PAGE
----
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Innovation from the role of supervisor

Published 27.4.2022

Juan Pablo Hernández is currently working at Los Bronces IV in Santiago de Chile. Thanks to him and Sebastián Dávila, drones were used to perform land surveys at the works, and the results were so promising that they’re now being used in other projects.

Juan Pablo Hernández joined Techint E&C in 2017 as a surveyor at Fortin de Piedra, when Tecpetrol was just starting work to develop the area, and he worked on other projects for YPF, Mega, and Pluspetrol, for instance. He defines himself as a surveyor “by trade”, a profession he inherited from his father, who passed on a deep passion for his craft as well as the gift of an inquiring mind.

Juan looks at the world with the belief that “everything can be improved” and the certainty that with knowledge and perseverance, changes are possible. Thanks to them, drones were recently incorporated as tools to carry out surveys and collect topographic information on the works.

When he’s not working, Juan spends his time with his family in Piedra del Aguila (province of Neuquen), particularly with his 8-year-old daughter, or he goes fly-fishing. However, the way he really likes to relax is to come up with new ideas. “You need to constantly be thinking of new ideas. You might get it wrong, but you can also get it right, and help to make things better all around. If you don’t make mistakes, you don’t make anything at all!”

Studying the land from the sky

For Juan, reality can always be improved upon; all it takes is figuring out how to obtain the changes sought. Quite often, his analysis and research lead to surprisingly successful results, which was the case with the incorporation of drones as work tools for projects.

The first time he had the chance to play with a drone and see how it worked, he realized just how valuable it could be for surveying. “First, my brother bought a drone to take photos and videos, and then I followed his lead, and began to research different applications at work. This was mid-2018 so I started taking it to the project at La Calera where I was working at the time, to try it out and learn how to use it.” As time went on, the way the drone was used was steadily improved, and by the beginning of 2020, it was being flown at the operations at the Mega project, including a weekly monitoring system and updates for all sectors.

Drones were crucial during the pandemic, as people were unable to go to and see the works in person, and many customers were unable to travel from Buenos Aires. Thanks to the drones they were able to monitor progress on an ongoing basis.

When innovation bears fruit

Incorporating drones meant a steep learning curve, as, “It took us about two years. We started by taking simple aerial photographs and today, we’re making 3D models of our facilities and pipelines. The material collected by the drones is now associated with a number of different programs being used in parallel, such as Arcgis, which centralizes information and adds engineering and data from the progress of the works to the photogrammetry.”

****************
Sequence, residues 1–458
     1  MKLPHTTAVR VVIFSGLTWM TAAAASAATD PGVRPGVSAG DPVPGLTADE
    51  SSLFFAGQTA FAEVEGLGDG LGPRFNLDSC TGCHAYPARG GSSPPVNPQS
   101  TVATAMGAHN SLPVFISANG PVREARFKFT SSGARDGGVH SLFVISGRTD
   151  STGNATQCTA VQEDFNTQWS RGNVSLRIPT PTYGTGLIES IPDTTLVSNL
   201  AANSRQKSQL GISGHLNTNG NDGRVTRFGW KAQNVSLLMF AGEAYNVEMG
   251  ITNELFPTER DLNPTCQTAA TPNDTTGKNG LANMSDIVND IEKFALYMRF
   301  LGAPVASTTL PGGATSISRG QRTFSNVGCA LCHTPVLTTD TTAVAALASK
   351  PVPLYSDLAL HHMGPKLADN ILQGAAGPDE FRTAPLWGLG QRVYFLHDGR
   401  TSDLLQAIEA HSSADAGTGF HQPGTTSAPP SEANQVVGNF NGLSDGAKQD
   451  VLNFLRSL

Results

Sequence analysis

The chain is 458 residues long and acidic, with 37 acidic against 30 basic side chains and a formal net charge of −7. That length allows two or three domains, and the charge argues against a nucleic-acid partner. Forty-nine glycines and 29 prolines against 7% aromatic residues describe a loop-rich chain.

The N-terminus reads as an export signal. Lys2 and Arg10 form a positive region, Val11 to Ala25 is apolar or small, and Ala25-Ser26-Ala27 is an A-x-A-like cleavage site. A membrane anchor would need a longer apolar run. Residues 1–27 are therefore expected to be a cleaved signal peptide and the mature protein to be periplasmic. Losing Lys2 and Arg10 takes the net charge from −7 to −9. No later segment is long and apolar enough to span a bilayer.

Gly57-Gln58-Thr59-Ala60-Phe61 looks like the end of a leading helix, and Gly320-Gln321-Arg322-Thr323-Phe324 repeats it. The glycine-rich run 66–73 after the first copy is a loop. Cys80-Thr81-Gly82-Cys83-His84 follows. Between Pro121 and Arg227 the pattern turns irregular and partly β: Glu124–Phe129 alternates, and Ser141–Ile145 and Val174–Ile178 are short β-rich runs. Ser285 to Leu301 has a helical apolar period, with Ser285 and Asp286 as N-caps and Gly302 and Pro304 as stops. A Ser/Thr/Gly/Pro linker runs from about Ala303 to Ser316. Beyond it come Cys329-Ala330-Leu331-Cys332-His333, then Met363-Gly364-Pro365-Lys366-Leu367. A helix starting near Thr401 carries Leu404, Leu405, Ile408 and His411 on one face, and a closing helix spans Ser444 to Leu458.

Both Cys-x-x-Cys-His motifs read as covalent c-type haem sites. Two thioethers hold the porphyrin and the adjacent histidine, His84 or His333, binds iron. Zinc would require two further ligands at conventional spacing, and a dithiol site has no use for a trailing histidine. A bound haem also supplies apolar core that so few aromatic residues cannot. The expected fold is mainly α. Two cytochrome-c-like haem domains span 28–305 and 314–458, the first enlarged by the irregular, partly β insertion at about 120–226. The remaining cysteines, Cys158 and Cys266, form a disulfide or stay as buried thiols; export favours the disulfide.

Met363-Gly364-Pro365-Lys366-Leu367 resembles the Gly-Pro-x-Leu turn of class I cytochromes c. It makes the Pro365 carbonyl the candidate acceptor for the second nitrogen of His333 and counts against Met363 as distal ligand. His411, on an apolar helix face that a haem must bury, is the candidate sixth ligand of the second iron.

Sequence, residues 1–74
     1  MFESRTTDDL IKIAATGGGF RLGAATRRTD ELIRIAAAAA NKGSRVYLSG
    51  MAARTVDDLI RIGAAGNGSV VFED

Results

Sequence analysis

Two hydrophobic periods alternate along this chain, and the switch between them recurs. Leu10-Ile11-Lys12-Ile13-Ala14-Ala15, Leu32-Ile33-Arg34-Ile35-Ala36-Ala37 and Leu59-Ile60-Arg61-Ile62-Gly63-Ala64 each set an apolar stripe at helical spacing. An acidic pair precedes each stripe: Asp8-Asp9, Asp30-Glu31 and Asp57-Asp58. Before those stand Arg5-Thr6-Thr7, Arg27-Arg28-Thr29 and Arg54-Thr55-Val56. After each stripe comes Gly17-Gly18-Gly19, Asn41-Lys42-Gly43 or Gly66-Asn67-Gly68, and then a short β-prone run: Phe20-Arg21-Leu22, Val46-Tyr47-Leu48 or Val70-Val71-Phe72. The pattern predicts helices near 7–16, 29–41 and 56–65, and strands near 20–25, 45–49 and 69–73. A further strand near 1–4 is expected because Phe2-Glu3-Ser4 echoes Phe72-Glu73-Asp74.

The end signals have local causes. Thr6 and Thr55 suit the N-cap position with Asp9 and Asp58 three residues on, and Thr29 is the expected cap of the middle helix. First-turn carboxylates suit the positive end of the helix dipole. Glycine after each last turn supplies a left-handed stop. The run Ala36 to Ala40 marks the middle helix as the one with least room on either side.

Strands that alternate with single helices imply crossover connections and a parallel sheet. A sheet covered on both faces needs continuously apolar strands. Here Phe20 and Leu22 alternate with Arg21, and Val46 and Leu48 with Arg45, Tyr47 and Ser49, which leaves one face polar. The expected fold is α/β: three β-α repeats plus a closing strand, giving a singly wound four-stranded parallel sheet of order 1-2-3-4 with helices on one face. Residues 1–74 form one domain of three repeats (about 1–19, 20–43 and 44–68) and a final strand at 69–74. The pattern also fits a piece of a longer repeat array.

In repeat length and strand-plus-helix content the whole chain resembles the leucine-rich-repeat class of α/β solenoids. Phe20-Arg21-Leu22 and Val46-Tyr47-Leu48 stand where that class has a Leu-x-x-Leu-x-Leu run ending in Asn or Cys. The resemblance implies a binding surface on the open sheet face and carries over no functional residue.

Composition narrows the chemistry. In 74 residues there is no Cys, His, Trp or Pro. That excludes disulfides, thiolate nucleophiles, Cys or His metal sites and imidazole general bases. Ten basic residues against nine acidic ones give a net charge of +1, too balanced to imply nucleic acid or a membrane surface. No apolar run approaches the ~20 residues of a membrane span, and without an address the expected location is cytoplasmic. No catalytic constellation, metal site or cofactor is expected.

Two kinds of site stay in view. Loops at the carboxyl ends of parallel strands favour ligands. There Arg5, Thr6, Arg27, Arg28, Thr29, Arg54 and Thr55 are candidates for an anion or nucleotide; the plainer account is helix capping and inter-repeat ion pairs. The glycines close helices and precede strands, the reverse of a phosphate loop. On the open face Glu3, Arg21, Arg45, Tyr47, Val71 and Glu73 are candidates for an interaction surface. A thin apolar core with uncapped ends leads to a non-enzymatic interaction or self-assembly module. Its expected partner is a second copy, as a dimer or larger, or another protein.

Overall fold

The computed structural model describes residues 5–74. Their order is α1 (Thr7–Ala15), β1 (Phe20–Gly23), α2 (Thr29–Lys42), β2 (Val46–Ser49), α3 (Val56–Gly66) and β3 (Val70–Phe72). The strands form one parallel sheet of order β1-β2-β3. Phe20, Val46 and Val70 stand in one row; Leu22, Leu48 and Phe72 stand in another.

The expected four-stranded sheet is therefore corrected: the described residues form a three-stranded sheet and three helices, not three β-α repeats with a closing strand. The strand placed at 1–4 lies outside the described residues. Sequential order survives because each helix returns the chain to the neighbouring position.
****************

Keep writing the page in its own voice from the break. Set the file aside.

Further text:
Throughout this journey of innovation, Juan points out that the company's support was essential. “I always felt that people were rooting for me, especially my boss, Tiago Zurita, and Guillermo Eyherabide, who not only supported my research but were also instrumental in making sure the tool developed and grew thanks to their ideas and proposals. Their trust and continued drive helped me grow at a professional level, and I gained confidence in terms of what I felt able to offer. In addition, the Innovation Department was also extremely supportive, and Guillermo Cremaschi repeatedly emphasized the importance of this innovative project and endorsed the decision to replicate it in other countries.” Juan explains that he’s been getting calls from Mexico, Peru and Chile to provide training and guidance for implementation, and is working on manuals, tutorials and instructions.

The pandemic effect: globalized work and permanent training

Beyond listing all the problems caused by the pandemic, Juan is enthusiastic about the many benefits that emerged from this crisis scenario. “On the one hand, thanks to all the technological tools brought in to make up for in-person work, we were able to globalize things, erasing the distance between field and office. This is wonderful, because now, from the field, thanks to Microsoft Teams, we can talk to experts or meet with colleagues in their offices anywhere in the world.” The pandemic enabled employees to have access to state-of-the-art tools allowing them to work collaboratively at an international scale. Also thanks to technological development, Juan explains that now it’s much easier to train without having to leave the workplace. “The company has included us in all their training programs, which has changed our lives. I’m taking part in the Supervisor’s Development Plan, which is amazing, as it keeps me on the ball and ensures I am always learning something new. During the pandemic, this was incredibly helpful for me."

The parental mandate: a vocation for teaching

Juan had a great teacher in his father, who’s been a surveyor for over forty years. He explains that initially, his father used to pass certain tasks on to him, instilling in him the confidence to carry them out, but always there to help if necessary. “I believe that one should always teach everything one knows. In the first place, it’s a way of recognizing employees who give their best every day. I want people to grow and learn! I believe that it’s our obligation, as supervisors, as a way of fulfilling our role in the company, to contribute to training human resources so that they can do top quality work. The challenge is to continue learning so you always have something new to teach.”

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